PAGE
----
|Publication number||US6777167 B2|
|Application number||US 10/103,643|
|Publication date||Aug 17, 2004|
|Filing date||Mar 20, 2002|
|Priority date||Mar 15, 2002|
|Also published as||CA2377081A1, US20030180627, WO2003079112A1|
|Publication number||10103643, 103643, US 6777167 B2, US 6777167B2, US-B2-6777167, US6777167 B2, US6777167B2|
|Inventors||Éric Lavallée, Jacques Beauvais, Dominique Drouin, Mëlanie Cloutier|
|Original Assignee||Lavallee Eric, Jacques Beauvais, Dominique Drouin, Cloutier Melanie|
|Export Citation||BiBTeX, EndNote, RefMan|
|Patent Citations (5), Non-Patent Citations (9), Classifications (14), Legal Events (7)|
|External Links: USPTO, USPTO Assignment, Espacenet|
The present invention relates to a method of producing an etch-resistant polymer structure on a substrate using electron beam lithography.
More specifically, the present invention is concerned with the use of an electron beam to locally polymerize a layer of sterol deposited on a substrate to produce the etch-resistant polymer structure.
The fabrication of ultra-small scale semiconductor devices requires very high-resolution lithography techniques. The most frequent high-resolution lithography technique involved in such fabrication is the so-called polymeric resist-based lithography. PMMA (Poly(Methyl Methacrylate)) is a polymer that is currently used in the fabrication of such devices using electron beam lithography [“Materials and processes for nanometer lithography”, S. Mackie, S. P. Beaumont, Solid State Technology, vol. 28, August 1985, pp. 117-122]. This polymer is known mainly for its positive tone resist behavior, which allows the selective dissolution of the regions exposed to the electron beam while leaving intact the unexposed regions. Features with resolutions as small as 10 nm have been demonstrated with PMMA [“10 nm linewidth electron beam lithography on GaAs” H. G. Craighead, R. E. Howard, L. D. Jackel, P. M. Mankiewich, Applied Physics Letters, vol. 42, January 1983, pp. 38-40] and other comparable resists. However, fabrication of some semiconductor devices requires negative tone resists, in which the regions unexposed to the electron beam are dissolved while the exposed regions are left intact. Since the area to be exposed by the electron beam is smaller in the case of low-density patterns, negative tone resists reduce the exposure time, a major issue in large-scale device fabrication such as monolithic integrated circuits or in the case of clear field photomask fabrication using electron beam lithography.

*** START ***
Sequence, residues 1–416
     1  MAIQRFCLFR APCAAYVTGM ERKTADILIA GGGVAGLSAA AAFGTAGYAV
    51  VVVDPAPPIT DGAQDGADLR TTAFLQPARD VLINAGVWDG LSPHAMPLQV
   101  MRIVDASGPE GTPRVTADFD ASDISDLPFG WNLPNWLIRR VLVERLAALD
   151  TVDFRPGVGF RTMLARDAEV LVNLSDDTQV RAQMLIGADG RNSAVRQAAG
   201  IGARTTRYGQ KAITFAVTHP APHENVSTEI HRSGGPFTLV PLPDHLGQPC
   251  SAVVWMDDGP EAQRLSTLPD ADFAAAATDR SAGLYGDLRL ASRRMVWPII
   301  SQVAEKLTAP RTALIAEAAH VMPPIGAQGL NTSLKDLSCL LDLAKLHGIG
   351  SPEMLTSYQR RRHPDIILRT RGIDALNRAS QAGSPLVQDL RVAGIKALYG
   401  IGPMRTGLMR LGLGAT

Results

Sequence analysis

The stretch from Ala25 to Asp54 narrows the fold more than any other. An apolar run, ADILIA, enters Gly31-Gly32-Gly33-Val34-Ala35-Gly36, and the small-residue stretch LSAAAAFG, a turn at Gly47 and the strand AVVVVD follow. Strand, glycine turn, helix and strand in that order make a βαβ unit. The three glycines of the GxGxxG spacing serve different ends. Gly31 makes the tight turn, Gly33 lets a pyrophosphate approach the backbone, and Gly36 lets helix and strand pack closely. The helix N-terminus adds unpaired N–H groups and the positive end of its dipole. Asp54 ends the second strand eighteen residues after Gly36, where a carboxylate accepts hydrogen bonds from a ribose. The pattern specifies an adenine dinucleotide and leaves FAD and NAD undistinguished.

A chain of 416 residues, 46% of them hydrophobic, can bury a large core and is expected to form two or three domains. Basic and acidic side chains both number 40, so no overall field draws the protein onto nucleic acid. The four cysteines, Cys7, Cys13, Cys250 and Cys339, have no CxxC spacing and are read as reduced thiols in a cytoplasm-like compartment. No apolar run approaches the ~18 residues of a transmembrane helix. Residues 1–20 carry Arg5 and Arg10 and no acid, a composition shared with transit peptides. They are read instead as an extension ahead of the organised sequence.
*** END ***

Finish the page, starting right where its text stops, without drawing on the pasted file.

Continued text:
Negative resists are common in microelectronics applications, as described in the following patents and articles:
“High sensitivity negative electron resist”, U.S. Pat. No. 3,770,433 (Bartlett et al.) issued on Nov. 6, 1973;
“Plasma developable electron resist process”, U.S. Pat. No. 4,386,152 granted to Juey H. Lai on May 31, 1983;
“High resolution electron beam lithography using ZEP-520 and KRS resists at low voltage”, D. M. Tanenbaum, C. W Lo, M. Isaacson, H. G. Craighead, M. J. Rooks, K. Y Lee, W. S. Huang, T. H. P. Chang, Journal of Vacuum Science and Technology B, vol. 14, November/December 1996, pp. 3829-3833; and
“Ultrahigh resolution of calixarene negative resist in electron beam lithography”, J. Fujita, Y. Ohnishi, Y. Ochiai, S. Matsui, Applied Physics Letters, vol. 68, February 1996, pp. 1297-1299.
In several negative resists, the electron beam is used to break bonds of the polymeric chains. This leaves free radicals to create cross-linking between the chains, and generates a non-soluble organic compound in the area exposed to the electron beam [“Epoxy-polymer electron beam resists”, U.S. Pat. No. 3,916,035 (Brewer) issued on Oct. 28, 1975]. The resolution of both positive and negative tone resists is limited since the polymeric nature of the electron sensitive layer and the molecular dynamic behavior of the development process remove complete polymer chains. The polymer chains are entangled in a random manner, and the dimensions of the entanglement structure of the polymer as well as the diameter of the broken and disentangled polymeric chains are usually of the order of 5 nm ([“Electron resist”, U.S. Pat. No. 4,269,962 granted to J. Kalal, B. Bednar, J. Zachoval, J. Petr, Z. Pelcbauer and F. Svec on May 26, 1981] and [“Nanostructure technology”, T. H. P. Chang, D. P. Kem, E. Kratschmer, K. Y Lee, H. E. Luhn, M. A. McCord, S. A. Rishton, Y. Vladimirsky, IBM Journal of Research and Development, vol. 32, July 1988, pp. 462-492]). This impairs the achievement of structures with better resolution and smaller line edge roughness.
Another drawback of both the positive and negative tone resists currently available is the incompatibility of such resists with biological tissues. Of course, devices to be implanted in the human body such as cochlear implants, ocular implants and pain-suppressing implants are designed to come into direct contact with human organs. To obtain biocompatible devices, the electron-sensitive layers used for the patterning of the device elements must also be biocompatible. Otherwise, a thick encapsulating layer of biocompatible material has to be deposited on the devices to form a barrier for non-biocompatible material [“Macroparticle distribution and chemical composition of laser deposited apatite coatings”, V. N. Bagratashvili, E. N. Antonov, E. N. Sobol, V. K Popov, S. M. Howdle, Applied Physic Letters, vol. 66, May 1985, pp. 2451-2453]. The presence of such an encapsulating layer obviously constitutes a limitation to the fabrication of some devices.